I do not believe, with the Christian "culturalists," that every Christian, or even every mature Christian, has an obligation to attend art exhibits, concerts, _lms, etc. Christians should seek to in_uence the world for Christ in some way: that is the Great Com-mission. But the precise way in which they reach out to the world may di_er greatly from one believer to another. My brother-in-law is pastor of a church in the inner city of Philadelphia. He does not normally go to _lms, dramas, or art exhibits. But he is de_nitely "in" the world, the real world, and he ministers to it with all the strength God provides him. A knowledge of entertainment media would be of little use to him in his ministry, and I would be the last person to urge him to become "culturally aware."

Yet there are others (such as myself, I believe) who are called of God to devote some of their energy to Christian culture-criticism. Many pastors, as well as youth workers, scholars, teachers, writers, parents and others are in this category. For them it is not wrong, I believe, within sensible limits, to expose themselves to modern _lm or other media. The apostle Paul said that he was not ignorant of Satan’s devices (2 Cor. 2:11). For that purpose, if for no other, we may be called to learn what _lmmakers have to say to us.

Some arguments used by Christians opposed to moderate attendance at _lms are as follows:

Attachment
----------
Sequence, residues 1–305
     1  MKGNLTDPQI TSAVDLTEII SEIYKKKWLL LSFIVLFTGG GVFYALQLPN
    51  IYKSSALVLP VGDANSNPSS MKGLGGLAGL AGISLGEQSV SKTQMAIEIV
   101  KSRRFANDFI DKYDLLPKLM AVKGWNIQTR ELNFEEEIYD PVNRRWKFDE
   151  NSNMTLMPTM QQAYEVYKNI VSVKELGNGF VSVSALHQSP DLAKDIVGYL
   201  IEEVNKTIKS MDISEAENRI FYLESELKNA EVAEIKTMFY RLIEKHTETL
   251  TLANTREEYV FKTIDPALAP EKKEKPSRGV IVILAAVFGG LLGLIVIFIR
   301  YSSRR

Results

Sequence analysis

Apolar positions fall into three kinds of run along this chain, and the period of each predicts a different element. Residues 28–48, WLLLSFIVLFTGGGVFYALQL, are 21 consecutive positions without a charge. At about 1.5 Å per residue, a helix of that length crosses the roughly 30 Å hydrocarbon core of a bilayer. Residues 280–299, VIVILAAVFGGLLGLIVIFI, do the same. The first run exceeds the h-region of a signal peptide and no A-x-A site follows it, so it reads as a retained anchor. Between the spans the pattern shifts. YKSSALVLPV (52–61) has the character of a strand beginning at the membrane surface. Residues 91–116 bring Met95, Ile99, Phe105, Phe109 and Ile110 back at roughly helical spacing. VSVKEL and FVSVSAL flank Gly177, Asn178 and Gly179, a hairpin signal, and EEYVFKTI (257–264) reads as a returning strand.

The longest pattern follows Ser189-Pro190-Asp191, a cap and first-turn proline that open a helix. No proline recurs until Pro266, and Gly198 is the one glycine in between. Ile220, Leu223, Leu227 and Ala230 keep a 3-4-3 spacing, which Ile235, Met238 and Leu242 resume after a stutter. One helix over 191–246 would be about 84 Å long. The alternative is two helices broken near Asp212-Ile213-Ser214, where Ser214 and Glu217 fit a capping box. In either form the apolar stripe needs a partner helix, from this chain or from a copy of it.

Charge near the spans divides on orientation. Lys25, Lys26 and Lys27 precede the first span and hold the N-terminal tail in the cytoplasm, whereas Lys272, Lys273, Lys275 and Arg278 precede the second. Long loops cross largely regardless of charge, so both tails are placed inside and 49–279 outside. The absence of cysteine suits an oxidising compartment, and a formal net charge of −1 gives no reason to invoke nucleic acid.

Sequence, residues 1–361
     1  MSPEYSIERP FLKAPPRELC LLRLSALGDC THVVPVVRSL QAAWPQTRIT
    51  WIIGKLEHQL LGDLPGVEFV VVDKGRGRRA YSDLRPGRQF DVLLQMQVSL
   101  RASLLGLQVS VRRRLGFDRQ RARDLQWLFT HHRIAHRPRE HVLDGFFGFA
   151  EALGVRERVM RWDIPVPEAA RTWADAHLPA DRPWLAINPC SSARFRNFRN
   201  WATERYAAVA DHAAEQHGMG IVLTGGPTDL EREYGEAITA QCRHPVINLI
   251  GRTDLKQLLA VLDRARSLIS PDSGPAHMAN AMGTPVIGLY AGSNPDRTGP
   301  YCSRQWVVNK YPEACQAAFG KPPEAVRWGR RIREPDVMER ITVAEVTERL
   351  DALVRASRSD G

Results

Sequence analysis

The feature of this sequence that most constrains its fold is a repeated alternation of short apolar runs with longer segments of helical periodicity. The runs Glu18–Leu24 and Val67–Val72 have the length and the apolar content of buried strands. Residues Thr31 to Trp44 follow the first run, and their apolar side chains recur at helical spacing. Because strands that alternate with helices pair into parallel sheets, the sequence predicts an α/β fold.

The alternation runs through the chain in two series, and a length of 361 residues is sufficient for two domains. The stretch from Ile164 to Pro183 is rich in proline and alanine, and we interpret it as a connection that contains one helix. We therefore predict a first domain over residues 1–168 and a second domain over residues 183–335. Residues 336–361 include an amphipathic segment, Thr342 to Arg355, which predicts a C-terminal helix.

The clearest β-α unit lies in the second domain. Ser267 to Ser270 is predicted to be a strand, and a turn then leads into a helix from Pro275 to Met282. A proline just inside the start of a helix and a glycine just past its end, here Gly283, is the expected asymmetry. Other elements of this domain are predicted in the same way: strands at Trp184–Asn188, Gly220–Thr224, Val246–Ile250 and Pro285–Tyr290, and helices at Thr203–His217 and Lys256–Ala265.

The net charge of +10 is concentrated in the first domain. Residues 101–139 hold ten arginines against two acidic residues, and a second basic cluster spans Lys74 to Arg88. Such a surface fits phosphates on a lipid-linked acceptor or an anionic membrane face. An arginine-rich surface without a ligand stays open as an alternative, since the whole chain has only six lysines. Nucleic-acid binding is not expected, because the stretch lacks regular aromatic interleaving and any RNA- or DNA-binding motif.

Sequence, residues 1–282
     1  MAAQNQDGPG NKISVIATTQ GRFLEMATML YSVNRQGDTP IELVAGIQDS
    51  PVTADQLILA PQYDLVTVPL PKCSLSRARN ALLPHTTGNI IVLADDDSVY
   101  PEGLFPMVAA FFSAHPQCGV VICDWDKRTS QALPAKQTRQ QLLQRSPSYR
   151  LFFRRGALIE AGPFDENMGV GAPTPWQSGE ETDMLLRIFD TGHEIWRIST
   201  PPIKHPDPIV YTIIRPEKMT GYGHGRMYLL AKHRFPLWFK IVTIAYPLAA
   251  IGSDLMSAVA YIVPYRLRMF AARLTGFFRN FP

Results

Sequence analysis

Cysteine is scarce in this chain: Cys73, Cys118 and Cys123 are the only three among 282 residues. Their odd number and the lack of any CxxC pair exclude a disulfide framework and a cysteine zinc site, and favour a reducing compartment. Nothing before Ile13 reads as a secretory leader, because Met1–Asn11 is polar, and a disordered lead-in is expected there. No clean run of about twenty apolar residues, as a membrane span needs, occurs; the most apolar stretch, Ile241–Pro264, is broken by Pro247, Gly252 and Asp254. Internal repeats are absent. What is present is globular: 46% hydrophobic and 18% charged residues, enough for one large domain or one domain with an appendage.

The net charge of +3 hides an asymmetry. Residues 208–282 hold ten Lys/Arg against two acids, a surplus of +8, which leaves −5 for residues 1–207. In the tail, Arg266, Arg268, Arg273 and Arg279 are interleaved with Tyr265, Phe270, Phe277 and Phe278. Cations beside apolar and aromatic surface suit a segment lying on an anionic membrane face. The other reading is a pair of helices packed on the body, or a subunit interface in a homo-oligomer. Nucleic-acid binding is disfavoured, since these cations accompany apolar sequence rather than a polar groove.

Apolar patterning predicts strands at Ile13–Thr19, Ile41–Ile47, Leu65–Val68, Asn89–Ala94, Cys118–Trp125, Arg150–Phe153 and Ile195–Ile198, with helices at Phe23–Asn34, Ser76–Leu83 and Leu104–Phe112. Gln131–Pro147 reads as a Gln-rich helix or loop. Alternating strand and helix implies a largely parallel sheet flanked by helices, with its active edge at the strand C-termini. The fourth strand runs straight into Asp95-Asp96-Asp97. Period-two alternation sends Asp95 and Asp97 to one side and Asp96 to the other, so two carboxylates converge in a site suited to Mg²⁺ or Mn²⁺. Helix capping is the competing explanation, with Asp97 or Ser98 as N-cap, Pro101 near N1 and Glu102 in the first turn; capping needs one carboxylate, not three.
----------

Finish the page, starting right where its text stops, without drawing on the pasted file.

(1) "Graphic acts of violence debase those who watch them, making the viewers more prone to violence." On this proposition there is mixed statistical evidence. Some people, especially children, do seem to resort more quickly to violence, or imitation-violent play, as the result of viewing simulated vio-lence on TV or _lm. I do advocate that parents limit and monitor the use of these media by their children. But I _nd it hard to believe that everyone should for this reason drastically curtail their _lm attendance. I have never myself (even in childhood, as best I can recall) felt the least bit inclined toward violence as the result of watching it on _lm. For the most part, viewing such violence increases my resolve toward _nding non-violent solutions to problems. I think that many other people are similar to me in this respect.

Further, if we maintain a proper critical distance from the _lms we watch (a distance which is necessary for many other reasons), we can see that _lm violence is essentially choreography. No one really gets hurt. And for the most part in _lms, even today, unjustly violent people are not rewarded or glori_ed.